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Carb-X Funds Vaccine Against Resistant Staph Infections

MRSA bacteria

Methicillin-resistant Staphylococcus aureus, or MRSA, bacteria (Defense.gov)

9 Mar. 2021. An international consortium is funding a vaccine to prevent increasingly resistant Staphylococcus aureus infections found in health care facilities. The Carb-X partnership is initially awarding biotechnology company Affinivax Inc. in Cambridge, Massachusetts $3.5 million for developing the vaccine, with the company eligible for another $18.5 million in later milestone payments.

Affinivax develops vaccines that generate multiple types of immune responses and, according to the company, provides broader and stronger protection against pathogens. In this case, the target pathogen is Staphylococcus aureus or S. aureus bacteria, which in most people are not immediately infectious, or cause at most mild symptoms. In health care facilities and among patients with other underlying conditions, however, S. aureus infections can lead to serious and life-threatening consequences, including blood stream infections like sepsis, pneumonia, heart valve, and bone infections. In addition, S. aureus is becoming more resistant to common antibiotics, making these infections more difficult to treat.

Affinivax’s technology, called Multiple Antigen Presenting System or MAPS, produces antigens that invoke two types of immune responses. The company says MAPS generates simple and stable rhizavidin proteins that bind polysaccharide to protein antigens, with a process more direct and durable than used in conventional vaccines. The result, says Affinivax, is a strong immune response from both B- and T-cells in the immune system, providing broader protection than conventional vaccines.

Produces antibodies and two types of T-cells

The company’s MAPS technology is based on research by Richard Malley and colleagues at Boston Children’s Hospital and Harvard Medical School, licensed by Affinivax. A paper in the journal mBio by Malley, Fan Zhang, Ying-Jie Lu, and others, in October 2018, shows a vaccine based on the MAPS approach protects lab mice against later exposure to S. aureus bacterial infections. The mice produce both antibodies to reduce mortality and two types of helper T-cells — Th1 and Th17 — that clears bacteria from the animals’ GI tracts and prevents skin abscesses. Malley, Zhang, and Lu are Affinivax’s scientific founders.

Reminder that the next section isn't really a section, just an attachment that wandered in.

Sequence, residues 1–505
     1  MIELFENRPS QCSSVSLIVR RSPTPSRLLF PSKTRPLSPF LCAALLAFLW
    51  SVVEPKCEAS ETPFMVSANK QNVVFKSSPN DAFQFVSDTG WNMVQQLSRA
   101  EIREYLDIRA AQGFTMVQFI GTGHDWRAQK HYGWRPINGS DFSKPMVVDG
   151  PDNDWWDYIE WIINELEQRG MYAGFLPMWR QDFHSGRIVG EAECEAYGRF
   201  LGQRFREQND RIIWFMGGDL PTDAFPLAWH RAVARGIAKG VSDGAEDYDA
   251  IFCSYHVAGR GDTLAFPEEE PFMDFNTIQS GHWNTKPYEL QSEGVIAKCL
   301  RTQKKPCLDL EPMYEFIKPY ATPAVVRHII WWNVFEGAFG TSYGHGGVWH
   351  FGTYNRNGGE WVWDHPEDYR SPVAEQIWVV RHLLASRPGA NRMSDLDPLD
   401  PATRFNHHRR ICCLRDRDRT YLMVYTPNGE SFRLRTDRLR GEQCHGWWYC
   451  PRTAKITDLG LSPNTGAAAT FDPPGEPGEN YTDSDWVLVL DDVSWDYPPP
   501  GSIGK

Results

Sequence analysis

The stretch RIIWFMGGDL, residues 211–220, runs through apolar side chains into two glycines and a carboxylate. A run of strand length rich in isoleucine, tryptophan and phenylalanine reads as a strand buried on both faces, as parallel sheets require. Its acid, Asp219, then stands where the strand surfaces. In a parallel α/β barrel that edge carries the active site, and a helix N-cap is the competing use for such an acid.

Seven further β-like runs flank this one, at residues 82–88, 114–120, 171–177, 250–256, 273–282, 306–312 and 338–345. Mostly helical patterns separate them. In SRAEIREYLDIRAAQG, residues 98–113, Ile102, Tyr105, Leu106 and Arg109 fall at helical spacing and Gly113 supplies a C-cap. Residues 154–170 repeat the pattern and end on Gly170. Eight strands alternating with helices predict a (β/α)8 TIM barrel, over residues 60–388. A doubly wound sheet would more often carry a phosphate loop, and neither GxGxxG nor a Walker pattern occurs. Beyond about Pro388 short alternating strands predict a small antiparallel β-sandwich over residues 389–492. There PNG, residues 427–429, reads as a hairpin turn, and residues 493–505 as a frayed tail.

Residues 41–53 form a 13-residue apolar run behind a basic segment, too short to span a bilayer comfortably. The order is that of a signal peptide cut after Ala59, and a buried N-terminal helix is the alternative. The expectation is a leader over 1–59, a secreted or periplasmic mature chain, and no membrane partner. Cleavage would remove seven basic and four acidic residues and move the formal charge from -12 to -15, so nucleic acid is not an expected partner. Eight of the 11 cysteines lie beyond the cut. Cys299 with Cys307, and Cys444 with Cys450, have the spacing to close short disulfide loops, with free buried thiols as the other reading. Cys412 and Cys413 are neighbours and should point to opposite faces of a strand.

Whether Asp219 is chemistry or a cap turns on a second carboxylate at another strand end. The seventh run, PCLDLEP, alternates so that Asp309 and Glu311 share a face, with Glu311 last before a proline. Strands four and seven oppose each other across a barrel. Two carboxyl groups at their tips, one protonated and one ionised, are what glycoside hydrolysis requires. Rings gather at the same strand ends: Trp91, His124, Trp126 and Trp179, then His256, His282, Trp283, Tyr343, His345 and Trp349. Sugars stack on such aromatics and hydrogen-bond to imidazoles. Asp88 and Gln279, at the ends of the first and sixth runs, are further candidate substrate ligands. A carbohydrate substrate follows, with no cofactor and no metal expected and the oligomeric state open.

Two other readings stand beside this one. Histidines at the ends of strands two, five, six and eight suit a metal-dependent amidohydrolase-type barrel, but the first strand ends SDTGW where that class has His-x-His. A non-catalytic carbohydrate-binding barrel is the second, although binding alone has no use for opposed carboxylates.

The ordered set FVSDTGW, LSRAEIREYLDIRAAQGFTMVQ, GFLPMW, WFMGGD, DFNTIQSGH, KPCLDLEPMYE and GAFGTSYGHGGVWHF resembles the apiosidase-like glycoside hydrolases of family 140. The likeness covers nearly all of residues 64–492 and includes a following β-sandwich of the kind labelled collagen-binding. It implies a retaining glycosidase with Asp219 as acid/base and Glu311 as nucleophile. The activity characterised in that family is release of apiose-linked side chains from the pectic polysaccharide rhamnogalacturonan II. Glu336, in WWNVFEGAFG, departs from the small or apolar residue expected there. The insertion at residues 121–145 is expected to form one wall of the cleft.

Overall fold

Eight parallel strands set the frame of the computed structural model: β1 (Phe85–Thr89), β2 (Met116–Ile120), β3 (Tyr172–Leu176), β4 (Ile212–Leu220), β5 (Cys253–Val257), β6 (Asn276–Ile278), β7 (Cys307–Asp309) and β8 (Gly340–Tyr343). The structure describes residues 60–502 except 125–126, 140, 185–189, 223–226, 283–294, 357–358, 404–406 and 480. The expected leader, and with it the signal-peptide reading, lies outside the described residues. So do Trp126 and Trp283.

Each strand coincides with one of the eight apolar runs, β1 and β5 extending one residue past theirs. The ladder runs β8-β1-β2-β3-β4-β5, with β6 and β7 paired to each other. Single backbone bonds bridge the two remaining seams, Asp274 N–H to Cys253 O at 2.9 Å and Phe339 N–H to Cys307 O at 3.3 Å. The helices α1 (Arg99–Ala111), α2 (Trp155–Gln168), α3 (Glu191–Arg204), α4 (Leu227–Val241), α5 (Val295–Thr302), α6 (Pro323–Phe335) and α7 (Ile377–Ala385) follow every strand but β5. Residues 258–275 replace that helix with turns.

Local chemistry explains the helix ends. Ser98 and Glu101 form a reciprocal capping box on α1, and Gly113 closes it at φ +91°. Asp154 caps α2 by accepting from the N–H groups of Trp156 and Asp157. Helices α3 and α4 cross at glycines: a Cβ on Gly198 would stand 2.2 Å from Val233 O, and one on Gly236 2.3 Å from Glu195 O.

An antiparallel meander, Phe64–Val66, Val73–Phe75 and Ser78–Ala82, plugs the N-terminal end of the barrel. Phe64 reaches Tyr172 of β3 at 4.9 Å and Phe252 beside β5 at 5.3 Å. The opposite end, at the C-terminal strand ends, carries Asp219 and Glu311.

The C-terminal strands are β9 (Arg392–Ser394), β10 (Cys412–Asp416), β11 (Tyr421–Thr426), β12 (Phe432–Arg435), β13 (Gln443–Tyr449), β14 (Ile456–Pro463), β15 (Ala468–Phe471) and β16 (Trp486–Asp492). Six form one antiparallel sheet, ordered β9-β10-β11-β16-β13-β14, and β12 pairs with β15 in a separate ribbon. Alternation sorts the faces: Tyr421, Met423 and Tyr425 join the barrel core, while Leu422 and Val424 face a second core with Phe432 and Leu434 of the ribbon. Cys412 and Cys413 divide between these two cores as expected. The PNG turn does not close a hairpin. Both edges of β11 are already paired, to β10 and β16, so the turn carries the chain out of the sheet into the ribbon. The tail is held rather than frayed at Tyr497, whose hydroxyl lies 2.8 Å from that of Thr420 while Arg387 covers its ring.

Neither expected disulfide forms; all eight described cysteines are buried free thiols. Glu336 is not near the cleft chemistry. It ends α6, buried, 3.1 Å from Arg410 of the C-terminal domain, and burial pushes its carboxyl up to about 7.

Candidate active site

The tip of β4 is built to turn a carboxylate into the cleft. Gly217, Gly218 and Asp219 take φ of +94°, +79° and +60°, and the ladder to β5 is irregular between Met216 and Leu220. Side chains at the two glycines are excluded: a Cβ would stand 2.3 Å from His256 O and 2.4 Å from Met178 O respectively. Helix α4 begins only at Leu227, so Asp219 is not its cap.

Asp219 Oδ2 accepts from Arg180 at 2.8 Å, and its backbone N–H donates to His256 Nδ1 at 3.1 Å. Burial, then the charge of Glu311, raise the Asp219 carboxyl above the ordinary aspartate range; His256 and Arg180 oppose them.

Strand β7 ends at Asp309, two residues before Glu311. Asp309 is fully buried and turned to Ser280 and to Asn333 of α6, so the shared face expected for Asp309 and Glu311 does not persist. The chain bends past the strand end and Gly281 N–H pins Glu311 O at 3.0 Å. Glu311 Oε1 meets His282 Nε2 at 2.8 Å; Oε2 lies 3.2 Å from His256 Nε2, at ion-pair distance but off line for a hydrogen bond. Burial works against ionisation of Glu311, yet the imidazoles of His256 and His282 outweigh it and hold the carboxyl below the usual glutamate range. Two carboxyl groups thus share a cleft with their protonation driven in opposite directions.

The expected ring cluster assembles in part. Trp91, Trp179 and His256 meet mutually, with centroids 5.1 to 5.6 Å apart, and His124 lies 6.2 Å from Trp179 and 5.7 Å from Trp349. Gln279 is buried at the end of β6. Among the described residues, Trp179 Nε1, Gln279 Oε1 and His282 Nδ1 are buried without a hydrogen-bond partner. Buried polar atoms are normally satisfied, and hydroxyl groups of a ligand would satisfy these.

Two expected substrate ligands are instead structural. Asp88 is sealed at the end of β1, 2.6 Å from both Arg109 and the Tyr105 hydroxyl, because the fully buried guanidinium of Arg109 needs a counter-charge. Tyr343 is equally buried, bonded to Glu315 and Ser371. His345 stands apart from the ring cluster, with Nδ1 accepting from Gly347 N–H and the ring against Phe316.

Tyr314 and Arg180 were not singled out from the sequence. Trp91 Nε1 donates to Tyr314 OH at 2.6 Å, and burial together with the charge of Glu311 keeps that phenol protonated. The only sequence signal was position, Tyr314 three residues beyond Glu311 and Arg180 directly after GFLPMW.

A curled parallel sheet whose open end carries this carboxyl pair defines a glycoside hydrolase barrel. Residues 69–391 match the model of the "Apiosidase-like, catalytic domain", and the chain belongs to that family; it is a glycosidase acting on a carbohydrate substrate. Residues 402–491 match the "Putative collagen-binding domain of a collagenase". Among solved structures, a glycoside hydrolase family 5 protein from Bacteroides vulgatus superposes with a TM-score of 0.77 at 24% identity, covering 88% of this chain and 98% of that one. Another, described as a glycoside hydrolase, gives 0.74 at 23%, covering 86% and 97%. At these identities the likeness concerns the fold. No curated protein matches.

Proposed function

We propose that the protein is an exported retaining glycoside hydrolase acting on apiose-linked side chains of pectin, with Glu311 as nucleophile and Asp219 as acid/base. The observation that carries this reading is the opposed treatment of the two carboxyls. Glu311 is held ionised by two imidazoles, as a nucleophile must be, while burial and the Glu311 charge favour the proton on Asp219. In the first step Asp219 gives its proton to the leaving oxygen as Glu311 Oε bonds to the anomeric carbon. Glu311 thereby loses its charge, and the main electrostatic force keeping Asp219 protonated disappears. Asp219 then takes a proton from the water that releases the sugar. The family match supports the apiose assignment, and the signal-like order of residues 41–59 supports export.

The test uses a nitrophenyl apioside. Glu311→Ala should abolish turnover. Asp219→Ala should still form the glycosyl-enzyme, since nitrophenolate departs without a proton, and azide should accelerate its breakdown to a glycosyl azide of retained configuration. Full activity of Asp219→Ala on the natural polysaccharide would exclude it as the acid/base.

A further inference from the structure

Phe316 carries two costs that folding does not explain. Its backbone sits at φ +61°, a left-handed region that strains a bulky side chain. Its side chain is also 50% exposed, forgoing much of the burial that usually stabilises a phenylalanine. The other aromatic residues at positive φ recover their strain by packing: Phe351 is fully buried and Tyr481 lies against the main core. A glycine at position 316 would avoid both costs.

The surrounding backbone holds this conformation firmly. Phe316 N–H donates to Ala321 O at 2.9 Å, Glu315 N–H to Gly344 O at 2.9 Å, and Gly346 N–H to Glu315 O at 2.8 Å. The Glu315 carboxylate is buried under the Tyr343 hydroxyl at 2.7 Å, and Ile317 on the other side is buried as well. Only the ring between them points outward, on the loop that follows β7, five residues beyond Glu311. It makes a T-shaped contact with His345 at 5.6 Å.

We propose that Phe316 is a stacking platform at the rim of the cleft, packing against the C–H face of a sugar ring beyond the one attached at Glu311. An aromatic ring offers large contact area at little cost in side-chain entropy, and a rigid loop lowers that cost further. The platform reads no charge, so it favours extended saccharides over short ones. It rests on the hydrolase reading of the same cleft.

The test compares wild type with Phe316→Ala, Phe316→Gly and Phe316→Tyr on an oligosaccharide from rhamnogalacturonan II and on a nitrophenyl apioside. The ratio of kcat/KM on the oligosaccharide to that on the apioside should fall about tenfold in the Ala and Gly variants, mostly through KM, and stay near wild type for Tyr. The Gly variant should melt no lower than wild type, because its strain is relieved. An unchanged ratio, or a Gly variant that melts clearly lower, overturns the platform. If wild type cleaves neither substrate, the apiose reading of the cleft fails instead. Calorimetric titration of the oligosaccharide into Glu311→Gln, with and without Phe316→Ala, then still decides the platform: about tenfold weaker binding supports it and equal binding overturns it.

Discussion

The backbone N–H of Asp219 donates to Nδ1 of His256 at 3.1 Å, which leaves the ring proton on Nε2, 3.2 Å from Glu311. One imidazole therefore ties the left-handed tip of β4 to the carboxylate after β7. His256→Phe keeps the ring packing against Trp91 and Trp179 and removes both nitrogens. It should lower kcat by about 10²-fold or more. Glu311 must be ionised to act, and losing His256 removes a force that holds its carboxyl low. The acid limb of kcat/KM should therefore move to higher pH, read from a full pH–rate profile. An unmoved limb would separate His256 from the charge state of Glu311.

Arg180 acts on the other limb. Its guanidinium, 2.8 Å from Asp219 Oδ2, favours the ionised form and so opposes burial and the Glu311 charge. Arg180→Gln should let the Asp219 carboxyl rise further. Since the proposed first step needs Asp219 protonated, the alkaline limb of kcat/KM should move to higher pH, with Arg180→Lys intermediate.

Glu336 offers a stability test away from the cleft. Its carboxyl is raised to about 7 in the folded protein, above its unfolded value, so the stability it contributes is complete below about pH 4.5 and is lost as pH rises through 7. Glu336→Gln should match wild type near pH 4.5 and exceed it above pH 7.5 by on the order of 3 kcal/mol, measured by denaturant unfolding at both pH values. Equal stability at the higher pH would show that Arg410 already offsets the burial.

“To date, attempts at developing Staphylococcus aureus vaccines have not been successful, with approaches based on the premise that antibody responses are sufficient to provide protection,” says Malley in a company statement. “Data from our group and others support the view that, in addition to antibodies, Th1 and Th17 responses to Staphylococcus aureus proteins are critical to achieve broad protection against this pathogen.”

The award from Carb-X supports further preclinical development by Affinivax of its S. aureus vaccine to advance the vaccine to an investigational new drug application to the Food and Drug Administration, and an early-stage clinical trial. Affinivax is receiving $3.5 million initially, with the company eligible for further payments of up to $18.5 million for achievement of preclinical, clinical, and manufacturing milestones.

Carb-X, short for Combating Antibiotic-Resistant Bacteria Biopharmaceutical Accelerator, is an international initiative to fight antibiotic resistance. The public-NGO consortium is made up of the Biomedical Advanced Research and Development Authority, an agency of the U.S. Department of Health and Human Services, National Institute of Allergy and Infectious Diseases in NIH, Germany’s Federal Ministry of Education and Research, and the Wellcome Trust, a foundation based in London, that provide funding or in-kind services. Partnering organizations include Boston University law school where Carb-X is headquartered.

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